A congenital disorder of the colon. Its chief feature is impaired intestinal function. The affected part of the colon lacks nerve cells and so is unable to relax and contract properly. The result is chronic constipation, enlargement of the bowel and, in some infants, bowel obstruction. It almost always requires surgery to fix it.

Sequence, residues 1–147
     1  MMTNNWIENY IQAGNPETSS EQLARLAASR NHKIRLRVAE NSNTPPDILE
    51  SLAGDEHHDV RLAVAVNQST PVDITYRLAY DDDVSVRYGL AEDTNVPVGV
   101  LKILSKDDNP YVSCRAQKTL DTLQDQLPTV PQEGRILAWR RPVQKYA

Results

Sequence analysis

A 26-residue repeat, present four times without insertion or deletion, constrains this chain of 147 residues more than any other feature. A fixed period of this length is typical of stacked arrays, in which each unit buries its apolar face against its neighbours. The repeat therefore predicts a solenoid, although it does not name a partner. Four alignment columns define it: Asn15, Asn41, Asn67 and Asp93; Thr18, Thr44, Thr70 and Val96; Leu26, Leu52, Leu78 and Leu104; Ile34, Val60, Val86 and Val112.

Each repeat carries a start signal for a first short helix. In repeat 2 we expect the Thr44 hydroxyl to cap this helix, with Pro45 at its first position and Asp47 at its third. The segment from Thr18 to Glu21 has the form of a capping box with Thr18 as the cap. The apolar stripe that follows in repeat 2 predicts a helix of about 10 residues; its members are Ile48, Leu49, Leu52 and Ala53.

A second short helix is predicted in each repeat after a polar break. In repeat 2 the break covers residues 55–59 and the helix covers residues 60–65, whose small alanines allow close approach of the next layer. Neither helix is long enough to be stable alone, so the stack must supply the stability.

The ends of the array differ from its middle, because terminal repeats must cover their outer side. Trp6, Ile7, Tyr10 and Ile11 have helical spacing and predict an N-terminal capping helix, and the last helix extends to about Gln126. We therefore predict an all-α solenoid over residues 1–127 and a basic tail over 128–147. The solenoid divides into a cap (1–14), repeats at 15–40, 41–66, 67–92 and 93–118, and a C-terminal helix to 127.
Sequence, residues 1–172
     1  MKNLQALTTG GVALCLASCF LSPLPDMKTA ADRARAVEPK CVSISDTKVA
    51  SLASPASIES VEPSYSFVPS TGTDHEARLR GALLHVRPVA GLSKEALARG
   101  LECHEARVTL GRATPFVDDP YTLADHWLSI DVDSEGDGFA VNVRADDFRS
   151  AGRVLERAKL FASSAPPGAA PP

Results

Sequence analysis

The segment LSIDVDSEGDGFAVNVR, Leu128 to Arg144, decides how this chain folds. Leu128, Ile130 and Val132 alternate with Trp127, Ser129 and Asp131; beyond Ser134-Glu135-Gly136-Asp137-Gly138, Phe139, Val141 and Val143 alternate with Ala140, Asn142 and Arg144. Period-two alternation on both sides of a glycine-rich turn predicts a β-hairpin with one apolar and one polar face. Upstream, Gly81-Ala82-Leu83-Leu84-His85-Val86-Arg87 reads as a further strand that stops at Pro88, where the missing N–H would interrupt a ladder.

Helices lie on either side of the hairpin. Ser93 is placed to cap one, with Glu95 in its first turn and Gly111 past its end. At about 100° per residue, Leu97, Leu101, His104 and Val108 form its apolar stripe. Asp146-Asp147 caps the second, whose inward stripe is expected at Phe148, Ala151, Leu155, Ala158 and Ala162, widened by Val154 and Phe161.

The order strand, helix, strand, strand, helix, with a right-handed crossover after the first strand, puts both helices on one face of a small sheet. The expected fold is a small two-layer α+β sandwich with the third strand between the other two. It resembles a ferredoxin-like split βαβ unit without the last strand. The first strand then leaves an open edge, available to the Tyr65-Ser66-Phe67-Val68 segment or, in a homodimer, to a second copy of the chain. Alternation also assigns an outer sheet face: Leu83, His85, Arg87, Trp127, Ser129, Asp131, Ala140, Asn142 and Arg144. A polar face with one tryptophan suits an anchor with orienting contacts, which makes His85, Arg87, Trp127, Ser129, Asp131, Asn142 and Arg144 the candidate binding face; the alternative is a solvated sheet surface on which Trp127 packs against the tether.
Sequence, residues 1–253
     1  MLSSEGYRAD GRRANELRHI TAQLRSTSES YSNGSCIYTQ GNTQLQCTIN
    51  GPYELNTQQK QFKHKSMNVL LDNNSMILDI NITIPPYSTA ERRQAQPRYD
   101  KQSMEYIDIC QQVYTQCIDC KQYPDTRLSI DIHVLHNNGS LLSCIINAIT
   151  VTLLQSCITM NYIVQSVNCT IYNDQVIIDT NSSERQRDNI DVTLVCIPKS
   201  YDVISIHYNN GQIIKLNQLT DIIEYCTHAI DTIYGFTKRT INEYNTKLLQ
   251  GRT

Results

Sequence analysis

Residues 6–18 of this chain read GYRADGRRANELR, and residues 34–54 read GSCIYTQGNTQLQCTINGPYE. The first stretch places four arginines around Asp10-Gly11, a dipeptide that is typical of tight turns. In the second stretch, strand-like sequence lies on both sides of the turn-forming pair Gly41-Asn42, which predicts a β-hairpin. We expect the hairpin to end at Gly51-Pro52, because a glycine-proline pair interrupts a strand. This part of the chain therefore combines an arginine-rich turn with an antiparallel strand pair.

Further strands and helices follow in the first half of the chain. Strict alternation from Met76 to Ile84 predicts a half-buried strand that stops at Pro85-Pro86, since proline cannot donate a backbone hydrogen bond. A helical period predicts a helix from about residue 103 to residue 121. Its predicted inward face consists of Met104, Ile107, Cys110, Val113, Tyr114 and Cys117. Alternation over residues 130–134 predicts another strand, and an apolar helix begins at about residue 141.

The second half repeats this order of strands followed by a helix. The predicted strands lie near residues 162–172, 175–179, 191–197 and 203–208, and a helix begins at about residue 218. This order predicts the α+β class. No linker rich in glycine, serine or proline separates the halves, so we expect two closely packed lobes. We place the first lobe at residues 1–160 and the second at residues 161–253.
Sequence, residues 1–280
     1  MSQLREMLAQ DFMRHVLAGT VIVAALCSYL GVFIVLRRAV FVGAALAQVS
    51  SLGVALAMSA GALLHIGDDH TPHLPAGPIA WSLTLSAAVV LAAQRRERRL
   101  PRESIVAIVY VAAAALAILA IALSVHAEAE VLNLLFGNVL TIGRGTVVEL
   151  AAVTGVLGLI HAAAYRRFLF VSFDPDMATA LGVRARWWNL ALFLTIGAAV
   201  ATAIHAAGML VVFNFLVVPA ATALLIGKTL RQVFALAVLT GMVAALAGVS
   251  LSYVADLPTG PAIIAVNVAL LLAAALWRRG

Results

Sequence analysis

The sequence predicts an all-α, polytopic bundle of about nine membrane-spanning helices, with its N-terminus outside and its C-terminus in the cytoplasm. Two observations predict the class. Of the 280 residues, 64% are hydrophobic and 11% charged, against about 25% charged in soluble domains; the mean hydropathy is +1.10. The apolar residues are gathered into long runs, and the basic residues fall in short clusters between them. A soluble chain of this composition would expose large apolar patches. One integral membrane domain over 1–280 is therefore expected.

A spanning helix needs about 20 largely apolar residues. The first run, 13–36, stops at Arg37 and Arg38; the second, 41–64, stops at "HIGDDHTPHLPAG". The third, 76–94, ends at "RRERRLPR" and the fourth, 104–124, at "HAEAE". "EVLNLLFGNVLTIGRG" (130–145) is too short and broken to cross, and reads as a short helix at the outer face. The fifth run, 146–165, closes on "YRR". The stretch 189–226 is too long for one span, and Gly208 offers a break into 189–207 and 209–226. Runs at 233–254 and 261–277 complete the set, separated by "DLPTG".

Hirschsprung’s disease affects about 1 in every 5000 live births in the U.S. It is usually diagnosed in infancy and is more common in infants with Down syndrome. One of the first signs of this problem is often failure of an infant to pass stool in the first 72 hours of life.
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